On the road to lawyerdom and darting the game of one-upmanship

One of the things I enjoy about being on the road to lawyerdom is that it’s a profession people often have a lot to say about. Some of their thoughts are positive, some are negative, some fairly indifferent, but most people have an opinion of one sort or another.

One of the things I enjoy about being on the road to lawyerdom is that it’s a profession people often have a lot to say about. Some of their thoughts are positive, some are negative, some fairly indifferent, but most people have an opinion of one sort or another.

I was talking recently with a real estate investor when I mentioned that I was on my way to becoming a solicitor. Once he’d asked the standard “what area of law do you want to practice?” and “do you have a job lined up?” questions, he mentioned that lawyers were one of the most important parts of his business. He said that the pivotal element in any transaction was the behaviour of the lawyers.

“Sometimes,” he said, “you can walk in to the room on day one and tell that the lawyers have worked together before, or know the same people. The atmosphere is easy, and they both work towards the goal of getting the deal done with no problems. Those deals are often concluded with a minimum of fuss because if ever there’s something that’s gone wrong, it’s never a case of blame – they just get on with it.”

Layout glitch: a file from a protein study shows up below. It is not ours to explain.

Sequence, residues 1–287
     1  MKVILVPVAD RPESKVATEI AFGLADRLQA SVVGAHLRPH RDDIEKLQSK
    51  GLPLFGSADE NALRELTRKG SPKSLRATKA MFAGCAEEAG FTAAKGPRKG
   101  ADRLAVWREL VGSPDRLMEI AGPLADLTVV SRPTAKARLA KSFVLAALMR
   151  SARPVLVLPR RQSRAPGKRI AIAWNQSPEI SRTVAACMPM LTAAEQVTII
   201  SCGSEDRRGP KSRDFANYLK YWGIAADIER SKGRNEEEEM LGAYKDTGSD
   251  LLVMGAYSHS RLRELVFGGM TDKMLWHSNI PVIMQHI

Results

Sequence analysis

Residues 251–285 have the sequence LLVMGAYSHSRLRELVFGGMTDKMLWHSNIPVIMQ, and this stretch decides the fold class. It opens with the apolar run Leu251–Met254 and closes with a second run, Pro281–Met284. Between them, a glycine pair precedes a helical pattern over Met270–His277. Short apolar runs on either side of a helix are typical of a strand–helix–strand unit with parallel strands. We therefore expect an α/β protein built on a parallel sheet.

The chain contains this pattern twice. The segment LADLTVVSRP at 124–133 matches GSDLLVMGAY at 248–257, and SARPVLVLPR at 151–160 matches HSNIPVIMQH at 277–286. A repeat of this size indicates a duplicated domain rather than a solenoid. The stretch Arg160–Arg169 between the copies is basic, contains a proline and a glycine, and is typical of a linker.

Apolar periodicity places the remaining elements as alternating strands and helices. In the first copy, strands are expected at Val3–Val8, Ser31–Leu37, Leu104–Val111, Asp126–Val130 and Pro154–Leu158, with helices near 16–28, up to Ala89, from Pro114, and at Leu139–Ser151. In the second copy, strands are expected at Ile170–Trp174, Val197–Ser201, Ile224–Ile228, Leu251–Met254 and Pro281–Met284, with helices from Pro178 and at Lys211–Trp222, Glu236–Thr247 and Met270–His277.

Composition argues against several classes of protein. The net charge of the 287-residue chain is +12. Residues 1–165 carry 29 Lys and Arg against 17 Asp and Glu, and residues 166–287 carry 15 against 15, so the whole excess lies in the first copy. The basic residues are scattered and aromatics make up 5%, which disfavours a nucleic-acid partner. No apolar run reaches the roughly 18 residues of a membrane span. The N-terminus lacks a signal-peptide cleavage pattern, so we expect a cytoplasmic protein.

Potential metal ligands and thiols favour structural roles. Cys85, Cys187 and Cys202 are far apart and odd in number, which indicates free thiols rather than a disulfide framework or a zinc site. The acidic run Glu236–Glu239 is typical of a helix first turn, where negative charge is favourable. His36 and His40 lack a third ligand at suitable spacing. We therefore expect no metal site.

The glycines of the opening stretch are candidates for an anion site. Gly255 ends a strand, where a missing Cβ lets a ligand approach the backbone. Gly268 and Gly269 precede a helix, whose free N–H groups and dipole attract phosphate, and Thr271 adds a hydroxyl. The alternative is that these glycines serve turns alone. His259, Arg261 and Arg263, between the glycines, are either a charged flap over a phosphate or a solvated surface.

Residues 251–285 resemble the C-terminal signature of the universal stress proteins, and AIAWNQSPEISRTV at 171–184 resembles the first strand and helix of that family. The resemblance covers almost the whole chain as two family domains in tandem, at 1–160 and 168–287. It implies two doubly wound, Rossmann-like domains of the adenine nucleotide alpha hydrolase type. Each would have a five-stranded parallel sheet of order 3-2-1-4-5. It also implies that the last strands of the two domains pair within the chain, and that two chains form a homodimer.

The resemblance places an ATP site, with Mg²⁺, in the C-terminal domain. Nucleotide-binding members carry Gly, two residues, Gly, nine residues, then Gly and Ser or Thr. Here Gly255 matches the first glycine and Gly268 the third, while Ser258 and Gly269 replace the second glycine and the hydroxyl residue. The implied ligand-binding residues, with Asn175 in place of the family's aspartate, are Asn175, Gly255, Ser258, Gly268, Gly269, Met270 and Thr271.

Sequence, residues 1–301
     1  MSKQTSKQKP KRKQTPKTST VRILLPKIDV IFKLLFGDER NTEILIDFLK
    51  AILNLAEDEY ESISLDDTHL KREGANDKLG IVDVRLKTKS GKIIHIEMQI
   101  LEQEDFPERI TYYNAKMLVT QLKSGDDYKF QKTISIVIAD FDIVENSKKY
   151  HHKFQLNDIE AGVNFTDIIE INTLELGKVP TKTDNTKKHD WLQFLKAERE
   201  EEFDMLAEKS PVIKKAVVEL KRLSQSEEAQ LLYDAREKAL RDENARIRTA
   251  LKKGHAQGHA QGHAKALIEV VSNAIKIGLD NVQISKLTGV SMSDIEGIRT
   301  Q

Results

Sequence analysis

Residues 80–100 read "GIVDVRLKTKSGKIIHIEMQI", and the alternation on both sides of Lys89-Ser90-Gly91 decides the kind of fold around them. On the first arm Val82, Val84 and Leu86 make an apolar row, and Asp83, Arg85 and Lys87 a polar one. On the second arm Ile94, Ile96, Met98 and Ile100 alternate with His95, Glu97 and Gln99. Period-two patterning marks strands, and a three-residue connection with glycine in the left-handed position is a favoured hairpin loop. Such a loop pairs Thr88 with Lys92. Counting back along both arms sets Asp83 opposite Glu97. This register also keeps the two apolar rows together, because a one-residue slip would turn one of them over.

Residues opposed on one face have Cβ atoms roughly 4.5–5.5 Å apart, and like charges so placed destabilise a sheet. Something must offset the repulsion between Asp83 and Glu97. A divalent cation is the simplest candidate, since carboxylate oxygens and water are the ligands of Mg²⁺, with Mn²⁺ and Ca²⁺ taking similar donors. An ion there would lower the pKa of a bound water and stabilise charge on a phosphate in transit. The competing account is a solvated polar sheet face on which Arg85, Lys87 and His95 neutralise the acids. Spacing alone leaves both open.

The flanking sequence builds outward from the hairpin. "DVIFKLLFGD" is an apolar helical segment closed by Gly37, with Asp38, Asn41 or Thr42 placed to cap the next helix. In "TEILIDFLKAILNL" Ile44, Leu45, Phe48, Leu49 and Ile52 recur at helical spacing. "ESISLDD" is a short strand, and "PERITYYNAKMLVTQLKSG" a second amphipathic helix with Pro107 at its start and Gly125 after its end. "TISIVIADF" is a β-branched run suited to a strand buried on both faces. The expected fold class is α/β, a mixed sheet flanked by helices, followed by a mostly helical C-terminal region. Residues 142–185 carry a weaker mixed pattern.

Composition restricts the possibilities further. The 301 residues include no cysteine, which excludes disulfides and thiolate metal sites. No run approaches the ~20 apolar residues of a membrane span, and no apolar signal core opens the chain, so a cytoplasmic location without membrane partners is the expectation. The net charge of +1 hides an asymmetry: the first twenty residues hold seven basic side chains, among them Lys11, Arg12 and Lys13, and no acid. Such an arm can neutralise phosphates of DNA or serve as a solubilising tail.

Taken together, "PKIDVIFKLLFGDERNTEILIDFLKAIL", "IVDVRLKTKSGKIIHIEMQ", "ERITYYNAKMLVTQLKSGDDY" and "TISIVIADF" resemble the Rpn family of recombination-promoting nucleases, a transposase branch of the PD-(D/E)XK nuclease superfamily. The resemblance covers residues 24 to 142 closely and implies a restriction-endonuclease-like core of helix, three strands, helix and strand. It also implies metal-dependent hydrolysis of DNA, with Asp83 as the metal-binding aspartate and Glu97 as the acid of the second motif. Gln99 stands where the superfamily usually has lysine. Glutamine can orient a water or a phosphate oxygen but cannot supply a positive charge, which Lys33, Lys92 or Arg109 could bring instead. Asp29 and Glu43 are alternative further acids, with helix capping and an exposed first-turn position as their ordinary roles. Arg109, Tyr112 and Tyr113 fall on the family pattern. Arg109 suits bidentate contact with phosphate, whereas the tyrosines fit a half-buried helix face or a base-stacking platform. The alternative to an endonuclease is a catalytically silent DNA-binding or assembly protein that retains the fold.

“Other times, though, you can get into a deal and know that each of the lawyers is treating the transaction as a competitive sport. They try to out-smart the other side, often losing focus from the purpose for which they’re being employed, and it ends up with a great deal more hassle for all parties.”

I couldn’t really believe this. I’ve long complained about how unrealistic some of the group exercises so beloved of graduate recruitment are. I’ve often said that I feel they’re unnecessarily antagonistic and go beyond simply having differing interests, yet here was someone with many years as a purchaser of legal services saying that he had seen lawyers acting in the childish way that I was so keen to avoid.

I realised then that the situation is less than 50% of that equation, and the people involved are far more important when it comes to the atmosphere in which a deal is conducted. I’m now sure that the experiences I’ve had of aggressive people who try to turn group exercises into a contest are due to the people who I was there with more than the way the exercise had been devised. I hope that, if I’m faced with someone determined to play a game of one-upmanship on a deal in the future, that I don’t forget why I’m there – to get my client the best deal possible.

As I said at the start of this piece, I love hearing people’s experiences with lawyers, good and bad. It’s a fantastic way for an inexperienced future lawyer like me to learn from mistakes without having to make them myself. I love hearing anecdotes from a client’s perspective; I hope that by taking on board some aspects of the lessons clients wish their lawyers had learnt, it could help to make me a better lawyer.

Ashley Connick is about to start his LPC before starting his training contract in August